There are legions of unmanned aerial vehicles (UAVs) patrolling the U.S.-Mexico border, and they do not belong to the United States. They are owned and operated by Mexican drug cartels, and there’s nothing we can currently do to stop them.
Much ink has been spilled over the balance between security and personal privacy. When it comes to immigration, I began thinking about where our national security apparatus could do a better job of things. Growing the CBP’s Global Entry program is one way to get there.
Need another good example of why border security and immigration enforcement are important? Paris.
In the debate over how to address illegal immigration to the United States, some have cautioned that a rigorous effort to enforce visa laws can lead to profiling and potentially a violation of civil rights. That’s a fair concern, and it’s one that can be addressed if we provide U.S. law enforcement with the tools to do their job. That means an exit-tracking system.
Jobs through additional customer spending can be created at our nation’s airports through improved Customs and Border Protection (CBP) customer service if CBP and the private sector work better together on this issue. Moreover, it will improve security.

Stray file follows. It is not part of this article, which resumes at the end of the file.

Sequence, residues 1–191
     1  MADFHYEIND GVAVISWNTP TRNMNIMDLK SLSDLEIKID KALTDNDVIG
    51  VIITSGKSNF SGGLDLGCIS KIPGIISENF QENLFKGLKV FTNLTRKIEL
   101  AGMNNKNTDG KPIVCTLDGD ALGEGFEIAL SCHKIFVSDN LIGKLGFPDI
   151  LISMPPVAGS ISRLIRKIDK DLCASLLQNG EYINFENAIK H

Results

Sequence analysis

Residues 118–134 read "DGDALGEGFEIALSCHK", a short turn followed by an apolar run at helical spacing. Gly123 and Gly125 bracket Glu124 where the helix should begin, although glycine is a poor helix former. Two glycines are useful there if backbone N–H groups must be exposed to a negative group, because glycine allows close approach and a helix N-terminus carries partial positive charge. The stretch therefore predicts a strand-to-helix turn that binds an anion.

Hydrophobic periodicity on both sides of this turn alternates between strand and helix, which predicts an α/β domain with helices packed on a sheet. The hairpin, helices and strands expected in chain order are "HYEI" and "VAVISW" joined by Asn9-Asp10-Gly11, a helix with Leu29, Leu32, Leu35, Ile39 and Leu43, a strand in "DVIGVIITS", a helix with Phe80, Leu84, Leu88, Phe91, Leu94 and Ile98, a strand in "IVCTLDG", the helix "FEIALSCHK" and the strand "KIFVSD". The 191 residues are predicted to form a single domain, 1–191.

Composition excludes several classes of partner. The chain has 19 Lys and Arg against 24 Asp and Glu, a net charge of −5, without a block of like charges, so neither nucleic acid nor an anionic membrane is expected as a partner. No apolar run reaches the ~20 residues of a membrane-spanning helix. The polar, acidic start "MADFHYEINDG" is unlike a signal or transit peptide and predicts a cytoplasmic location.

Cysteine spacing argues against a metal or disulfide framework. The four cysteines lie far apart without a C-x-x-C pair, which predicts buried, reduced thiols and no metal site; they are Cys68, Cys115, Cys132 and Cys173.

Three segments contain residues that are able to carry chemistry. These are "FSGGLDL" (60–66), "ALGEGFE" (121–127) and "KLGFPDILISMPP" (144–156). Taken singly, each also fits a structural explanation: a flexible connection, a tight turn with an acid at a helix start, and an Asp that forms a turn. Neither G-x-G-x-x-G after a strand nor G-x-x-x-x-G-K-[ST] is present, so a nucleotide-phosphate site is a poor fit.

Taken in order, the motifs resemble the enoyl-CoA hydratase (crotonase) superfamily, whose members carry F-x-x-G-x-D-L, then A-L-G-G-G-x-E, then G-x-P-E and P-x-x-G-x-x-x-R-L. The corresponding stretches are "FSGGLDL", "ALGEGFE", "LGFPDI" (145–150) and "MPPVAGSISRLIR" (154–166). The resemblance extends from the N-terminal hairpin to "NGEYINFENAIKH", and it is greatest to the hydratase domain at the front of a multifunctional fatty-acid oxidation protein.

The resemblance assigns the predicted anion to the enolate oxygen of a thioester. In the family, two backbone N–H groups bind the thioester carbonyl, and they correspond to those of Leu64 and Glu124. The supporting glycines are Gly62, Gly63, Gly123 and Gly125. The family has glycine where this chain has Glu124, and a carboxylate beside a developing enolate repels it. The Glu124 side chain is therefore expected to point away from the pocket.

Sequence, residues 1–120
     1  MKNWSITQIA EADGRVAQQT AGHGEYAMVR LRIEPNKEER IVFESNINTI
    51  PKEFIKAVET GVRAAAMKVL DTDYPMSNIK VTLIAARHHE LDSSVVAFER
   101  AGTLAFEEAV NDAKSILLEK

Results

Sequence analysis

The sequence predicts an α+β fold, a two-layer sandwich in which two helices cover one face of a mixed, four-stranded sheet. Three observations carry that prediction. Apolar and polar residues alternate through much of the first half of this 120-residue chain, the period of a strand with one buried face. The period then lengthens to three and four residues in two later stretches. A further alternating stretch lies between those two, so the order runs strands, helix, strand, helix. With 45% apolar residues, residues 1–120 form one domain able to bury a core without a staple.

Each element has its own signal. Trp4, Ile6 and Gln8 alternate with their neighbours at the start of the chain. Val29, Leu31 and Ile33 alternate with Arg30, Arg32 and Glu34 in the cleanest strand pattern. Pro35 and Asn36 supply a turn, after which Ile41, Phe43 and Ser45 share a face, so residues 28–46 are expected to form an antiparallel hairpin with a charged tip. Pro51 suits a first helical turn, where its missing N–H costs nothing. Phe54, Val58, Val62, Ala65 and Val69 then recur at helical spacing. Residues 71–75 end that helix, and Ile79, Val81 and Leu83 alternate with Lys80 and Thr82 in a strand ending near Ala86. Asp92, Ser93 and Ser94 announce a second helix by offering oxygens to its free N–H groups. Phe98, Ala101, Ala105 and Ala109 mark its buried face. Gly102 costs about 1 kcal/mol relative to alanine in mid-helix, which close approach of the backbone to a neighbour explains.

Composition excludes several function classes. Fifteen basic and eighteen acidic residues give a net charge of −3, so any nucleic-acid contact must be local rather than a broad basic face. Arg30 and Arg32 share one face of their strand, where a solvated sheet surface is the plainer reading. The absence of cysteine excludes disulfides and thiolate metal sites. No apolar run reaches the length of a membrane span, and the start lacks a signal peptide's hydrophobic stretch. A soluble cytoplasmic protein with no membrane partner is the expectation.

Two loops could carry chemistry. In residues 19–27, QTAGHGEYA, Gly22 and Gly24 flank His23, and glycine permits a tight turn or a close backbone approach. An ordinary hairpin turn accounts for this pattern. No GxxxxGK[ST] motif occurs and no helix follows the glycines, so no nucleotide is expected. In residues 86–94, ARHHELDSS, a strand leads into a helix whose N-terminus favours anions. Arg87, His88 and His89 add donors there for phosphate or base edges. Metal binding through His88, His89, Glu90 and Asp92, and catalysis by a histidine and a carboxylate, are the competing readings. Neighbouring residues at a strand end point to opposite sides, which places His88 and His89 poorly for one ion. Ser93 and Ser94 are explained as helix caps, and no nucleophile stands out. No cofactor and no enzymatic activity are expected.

Newly released data from Customs and Border Protection shows that for calendar year 2014, the agency received more than 7,200 complaints and compliments, more than 30% of which were related to employee conduct.
When it comes to border security, lines of razor-wire and soldiers is a proposition some in the United States might support, but from experience, we know this is woefully insufficient to keep a border secure and large-scale migration in check.
When we talk about border security, we often focus on what the United States should do to stop illegal crossings. Less often discussed, however, is what can be done in Mexico (and elsewhere in Latin America) to dampen the desire to illegally enter the United States in the first place. One surefire way to achieve this: economic development.